Drummer John Mahon with Elton JohnJohn Mahon loves working with Elton John. He got the gig in 1997, originally to supply simple percussion parts and background vocals. Over the years, though, his percussion rig has grown. “I’m not trying to duplicate what Ray Cooper did with Elton,” Mahon says, referring to the pop superstar’s long-time percussionist. “Try to fill Ray’s shoes? I don’t think so. But I want to bring what I do to the table.”

Being a percussionist and a vocalist has its own challenges, including how to sing and use a large setup at the same time. “I had to design my setup so I could always be focused around my microphone,” Mahon says. “Vocals are so important. I’ve been lucky in that singing has always been a door to work for me. I’ve never gotten into a band situation where someone didn’t ask me to sing. I tell every musician, if they can, they should learn to sing.”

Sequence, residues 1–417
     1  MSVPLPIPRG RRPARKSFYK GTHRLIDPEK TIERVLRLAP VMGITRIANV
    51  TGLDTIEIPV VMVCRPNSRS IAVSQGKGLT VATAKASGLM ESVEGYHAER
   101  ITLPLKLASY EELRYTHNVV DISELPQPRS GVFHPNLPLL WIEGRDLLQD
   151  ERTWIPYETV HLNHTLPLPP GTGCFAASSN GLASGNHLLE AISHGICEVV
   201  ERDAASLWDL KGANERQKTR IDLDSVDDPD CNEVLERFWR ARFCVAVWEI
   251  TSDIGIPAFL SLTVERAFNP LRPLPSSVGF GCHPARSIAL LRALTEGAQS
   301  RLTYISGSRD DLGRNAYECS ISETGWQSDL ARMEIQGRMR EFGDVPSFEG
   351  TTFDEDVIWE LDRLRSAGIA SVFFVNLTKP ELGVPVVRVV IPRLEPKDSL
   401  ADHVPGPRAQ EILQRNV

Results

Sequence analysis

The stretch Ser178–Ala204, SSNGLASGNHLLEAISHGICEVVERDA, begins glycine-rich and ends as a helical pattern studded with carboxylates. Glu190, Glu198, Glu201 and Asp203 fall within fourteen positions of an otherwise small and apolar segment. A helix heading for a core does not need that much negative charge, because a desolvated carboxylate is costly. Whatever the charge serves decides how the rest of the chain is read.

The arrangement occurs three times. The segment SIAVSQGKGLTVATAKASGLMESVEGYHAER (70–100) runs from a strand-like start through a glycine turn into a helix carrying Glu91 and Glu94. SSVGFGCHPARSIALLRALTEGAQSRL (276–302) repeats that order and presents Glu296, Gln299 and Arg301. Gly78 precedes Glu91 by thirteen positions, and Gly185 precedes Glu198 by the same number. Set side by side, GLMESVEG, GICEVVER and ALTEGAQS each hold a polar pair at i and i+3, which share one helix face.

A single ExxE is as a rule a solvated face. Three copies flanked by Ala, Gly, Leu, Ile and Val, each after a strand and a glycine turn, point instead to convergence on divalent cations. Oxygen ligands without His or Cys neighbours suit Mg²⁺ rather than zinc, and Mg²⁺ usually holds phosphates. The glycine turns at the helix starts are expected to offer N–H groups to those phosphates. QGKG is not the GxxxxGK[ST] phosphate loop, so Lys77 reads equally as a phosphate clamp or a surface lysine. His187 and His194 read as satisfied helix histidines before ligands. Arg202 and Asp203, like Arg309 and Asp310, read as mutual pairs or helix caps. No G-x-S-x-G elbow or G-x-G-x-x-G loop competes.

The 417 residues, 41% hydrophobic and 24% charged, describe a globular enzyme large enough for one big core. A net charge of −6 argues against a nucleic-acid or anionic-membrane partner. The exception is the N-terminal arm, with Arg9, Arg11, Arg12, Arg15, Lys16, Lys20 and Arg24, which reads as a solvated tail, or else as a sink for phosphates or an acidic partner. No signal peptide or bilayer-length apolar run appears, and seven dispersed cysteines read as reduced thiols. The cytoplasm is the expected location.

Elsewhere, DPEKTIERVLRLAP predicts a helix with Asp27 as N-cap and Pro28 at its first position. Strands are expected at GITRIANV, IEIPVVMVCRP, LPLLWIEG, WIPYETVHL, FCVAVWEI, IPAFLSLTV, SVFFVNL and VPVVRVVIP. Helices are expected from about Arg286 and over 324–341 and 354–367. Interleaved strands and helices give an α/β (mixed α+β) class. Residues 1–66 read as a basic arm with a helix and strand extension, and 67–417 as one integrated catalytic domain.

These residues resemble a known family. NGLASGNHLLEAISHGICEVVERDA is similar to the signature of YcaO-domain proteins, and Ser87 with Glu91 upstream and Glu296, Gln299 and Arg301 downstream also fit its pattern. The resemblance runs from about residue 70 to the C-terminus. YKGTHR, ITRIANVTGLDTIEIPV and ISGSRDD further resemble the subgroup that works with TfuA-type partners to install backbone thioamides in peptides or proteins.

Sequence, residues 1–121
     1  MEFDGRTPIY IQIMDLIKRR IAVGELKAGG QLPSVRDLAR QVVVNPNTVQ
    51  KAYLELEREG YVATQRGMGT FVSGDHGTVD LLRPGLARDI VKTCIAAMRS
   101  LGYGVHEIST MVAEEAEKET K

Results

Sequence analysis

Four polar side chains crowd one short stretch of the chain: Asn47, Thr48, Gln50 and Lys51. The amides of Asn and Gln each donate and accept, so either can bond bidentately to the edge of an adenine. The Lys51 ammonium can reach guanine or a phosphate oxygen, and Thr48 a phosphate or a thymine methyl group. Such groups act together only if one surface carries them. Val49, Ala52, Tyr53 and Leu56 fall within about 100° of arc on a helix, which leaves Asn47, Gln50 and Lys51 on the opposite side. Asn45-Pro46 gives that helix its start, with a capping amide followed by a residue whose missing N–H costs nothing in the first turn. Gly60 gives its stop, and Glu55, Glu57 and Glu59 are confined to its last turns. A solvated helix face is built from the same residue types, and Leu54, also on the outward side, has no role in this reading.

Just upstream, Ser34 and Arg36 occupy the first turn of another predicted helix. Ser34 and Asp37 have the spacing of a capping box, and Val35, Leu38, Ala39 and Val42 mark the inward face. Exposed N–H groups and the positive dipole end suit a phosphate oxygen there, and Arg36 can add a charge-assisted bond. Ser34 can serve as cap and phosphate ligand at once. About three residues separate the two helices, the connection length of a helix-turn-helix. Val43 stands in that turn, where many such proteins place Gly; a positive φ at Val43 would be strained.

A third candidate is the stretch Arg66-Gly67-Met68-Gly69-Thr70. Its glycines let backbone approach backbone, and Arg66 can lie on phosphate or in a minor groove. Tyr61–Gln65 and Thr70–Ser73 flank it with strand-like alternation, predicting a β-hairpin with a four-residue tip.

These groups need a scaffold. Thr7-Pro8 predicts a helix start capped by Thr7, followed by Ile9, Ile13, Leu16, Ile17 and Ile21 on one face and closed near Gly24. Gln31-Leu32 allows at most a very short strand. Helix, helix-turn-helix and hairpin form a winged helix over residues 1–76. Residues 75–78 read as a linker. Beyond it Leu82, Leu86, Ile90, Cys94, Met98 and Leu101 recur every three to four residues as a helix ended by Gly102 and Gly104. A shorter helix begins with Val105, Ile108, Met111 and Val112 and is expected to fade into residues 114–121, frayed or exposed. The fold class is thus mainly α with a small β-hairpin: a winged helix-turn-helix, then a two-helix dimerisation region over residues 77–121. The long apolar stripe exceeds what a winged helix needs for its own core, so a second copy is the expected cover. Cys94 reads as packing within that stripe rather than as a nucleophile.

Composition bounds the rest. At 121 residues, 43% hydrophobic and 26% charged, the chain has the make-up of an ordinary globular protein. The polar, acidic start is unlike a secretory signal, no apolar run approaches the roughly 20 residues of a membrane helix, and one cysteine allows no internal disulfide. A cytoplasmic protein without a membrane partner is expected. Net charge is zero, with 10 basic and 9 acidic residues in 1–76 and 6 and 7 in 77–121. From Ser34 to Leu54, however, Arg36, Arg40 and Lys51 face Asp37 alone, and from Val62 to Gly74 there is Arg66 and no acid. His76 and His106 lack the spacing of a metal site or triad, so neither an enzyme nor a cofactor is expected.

The gig with Elton involves some electronics and standard percussion as well, and Mahon plays both with aplomb and style. “Of course, a lot of the music is basic congas, plus a lot of tambourine parts and shakers,” says Mahon, who adds that he loves playing along with veteran Elton John drummer Nigel Olsson. “Some of my favorite songs in the world are songs we play,” Mahon says, “like ‘Levon,’ ‘Tiny Dancer,’ and ‘Don’t Let The Sun Go Down.’ And Nigel helped make those songs with his drum parts. He has his own style, and it’s so easy to play around him. He gives me a lot of opportunities to play. And when he’s getting into his fills, I let him go.”